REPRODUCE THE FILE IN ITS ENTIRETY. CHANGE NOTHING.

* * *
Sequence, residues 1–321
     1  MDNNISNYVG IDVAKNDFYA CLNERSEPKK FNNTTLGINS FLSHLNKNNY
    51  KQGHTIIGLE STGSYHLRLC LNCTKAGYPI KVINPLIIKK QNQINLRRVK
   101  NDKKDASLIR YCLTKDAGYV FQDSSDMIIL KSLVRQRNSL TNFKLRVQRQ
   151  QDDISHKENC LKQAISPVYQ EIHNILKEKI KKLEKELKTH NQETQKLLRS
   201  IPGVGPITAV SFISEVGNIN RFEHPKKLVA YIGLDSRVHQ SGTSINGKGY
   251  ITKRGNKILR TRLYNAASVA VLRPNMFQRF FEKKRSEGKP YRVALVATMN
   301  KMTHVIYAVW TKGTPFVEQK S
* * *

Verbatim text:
Sequence, residues 1–321
     1  MDNNISNYVG IDVAKNDFYA CLNERSEPKK FNNTTLGINS FLSHLNKNNY
    51  KQGHTIIGLE STGSYHLRLC LNCTKAGYPI KVINPLIIKK QNQINLRRVK
   101  NDKKDASLIR YCLTKDAGYV FQDSSDMIIL KSLVRQRNSL TNFKLRVQRQ
   151  QDDISHKENC LKQAISPVYQ EIHNILKEKI KKLEKELKTH NQETQKLLRS
   201  IPGVGPITAV SFISEVGNIN RFEHPKKLVA YIGLDSRVHQ SGTSINGKGY
   251  ITKRGNKILR TRLYNAASVA VLRPNMFQRF FEKKRSEGKP YRVALVATMN
   301  KMTHVIYAVW TKGTPFVEQK S